I think I’d have things somewhat more under control if I didn’t have to garden around whichever bit of the garden was currently favoured as a hare resting place, but then our garden wouldn’t have hares in it, and that would be wrong. Much as I’d like a beautiful and productive garden crammed full of interesting plants, its key role in our lives is to look like the sort of a garden a responsible hare parent can leave her offspring in. So I can’t simply lay waste to all the undergrowth and patches of brambles and nettles – I’ve got to wait until I’ve got something to replace each bit with that’s a bit more garden like but also functions as suitable hare habitat.

Garden and wilderness

(This doesn’t explain the pallets, obviously, but we have plans for them and they will be put to use in the fullness of time)

Greenhouse and pallets

So I keep chipping away at the edges, clearing out bits as I have plants for them, and averting my eyes from the rest. Some of these plants even, miraculously, survive, if they are not too delicious to the hares.

lupins

I think this is the first lupin ever to last longer than a month in my care, let alone over winter…

Meanwhile, we have exciting composting news (and also another exciting delivery* lurking in the garage which I can’t blog about for non-fate-tempting reasons) but that will have to wait for another

*Not a bike, before you get too excited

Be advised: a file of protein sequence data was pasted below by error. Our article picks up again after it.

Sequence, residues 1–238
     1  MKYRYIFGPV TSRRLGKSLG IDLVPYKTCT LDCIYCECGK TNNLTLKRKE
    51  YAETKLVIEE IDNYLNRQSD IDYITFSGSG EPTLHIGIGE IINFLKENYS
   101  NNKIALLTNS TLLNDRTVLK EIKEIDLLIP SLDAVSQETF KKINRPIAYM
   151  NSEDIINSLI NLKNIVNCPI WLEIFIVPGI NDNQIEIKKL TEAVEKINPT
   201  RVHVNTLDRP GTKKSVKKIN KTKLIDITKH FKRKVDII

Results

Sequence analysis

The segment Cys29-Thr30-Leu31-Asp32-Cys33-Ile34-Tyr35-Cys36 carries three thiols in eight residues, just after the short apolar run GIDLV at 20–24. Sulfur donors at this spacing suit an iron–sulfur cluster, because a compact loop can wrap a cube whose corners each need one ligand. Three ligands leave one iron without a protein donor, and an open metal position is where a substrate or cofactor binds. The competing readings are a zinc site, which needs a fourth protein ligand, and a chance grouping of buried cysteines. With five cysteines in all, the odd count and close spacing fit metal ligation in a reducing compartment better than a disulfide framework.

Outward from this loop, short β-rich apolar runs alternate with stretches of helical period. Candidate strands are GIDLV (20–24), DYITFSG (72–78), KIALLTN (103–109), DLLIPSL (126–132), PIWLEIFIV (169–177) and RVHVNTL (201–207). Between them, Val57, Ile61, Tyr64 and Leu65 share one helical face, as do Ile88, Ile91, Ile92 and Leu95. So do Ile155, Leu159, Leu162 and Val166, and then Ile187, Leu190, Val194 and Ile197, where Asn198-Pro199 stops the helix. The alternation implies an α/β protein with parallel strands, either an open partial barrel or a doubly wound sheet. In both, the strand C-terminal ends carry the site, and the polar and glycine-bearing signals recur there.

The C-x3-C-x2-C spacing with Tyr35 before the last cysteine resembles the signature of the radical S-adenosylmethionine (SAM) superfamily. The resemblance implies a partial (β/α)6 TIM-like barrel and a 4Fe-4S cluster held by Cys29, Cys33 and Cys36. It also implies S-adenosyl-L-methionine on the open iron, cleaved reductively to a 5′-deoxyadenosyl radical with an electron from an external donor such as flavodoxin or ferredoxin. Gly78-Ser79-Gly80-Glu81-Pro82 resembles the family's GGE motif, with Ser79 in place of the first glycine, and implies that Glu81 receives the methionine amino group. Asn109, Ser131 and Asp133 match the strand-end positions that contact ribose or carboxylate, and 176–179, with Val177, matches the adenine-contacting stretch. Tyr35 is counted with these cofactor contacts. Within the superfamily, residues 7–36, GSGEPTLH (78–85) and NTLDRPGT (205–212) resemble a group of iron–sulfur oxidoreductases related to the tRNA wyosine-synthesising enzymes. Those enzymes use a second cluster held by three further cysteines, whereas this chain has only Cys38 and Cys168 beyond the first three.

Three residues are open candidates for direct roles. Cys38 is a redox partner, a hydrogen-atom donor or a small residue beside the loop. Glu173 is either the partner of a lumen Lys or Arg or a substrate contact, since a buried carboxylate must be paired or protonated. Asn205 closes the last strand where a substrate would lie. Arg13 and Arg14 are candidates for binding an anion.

Fedgeing My Bets

February 23, 2019

Among the many reasons why I’d like spring not to career onwards too quickly (Brexit, my own imminent half century, POP preparations or the lack thereof) one was that I am as usual somewhat behind in my gardening. In particular, I’ve been conscious that when you’re planning to plant a fedge, the willow is best cut ‘just before it buds out’ which, for those not possessing a time machine, tends to mean ‘about a week ago would have been perfect’.

ready to plant

Stakes in, ground prepared, it almost looks as if I know what I’m doing here.

Still, working on the assumption that willow is well-nigh impossible to kill, and with the mild spell looking to continue for a while, I decided to crack on this weekend. I had, unusually actually finished the ground preparation a week or so ago, and in the course of re-pollarding a willow at the top of the garden, we had produced some suitable stakes as well as loads of withies of about one or two year’s growth – perfect (according to a random page I found on the internet) for striking cuttings.

first willow in

First sticks in. There’s something liberating in a task where you’re actually aiming NOT to get everything in straight

This will no doubt come back to bite me in some way, but the whole thing actually went unprecedentedly smoothly, which is giving me faint premonitions of disaster.

criss crossed willow

Weaving in the sticks the other way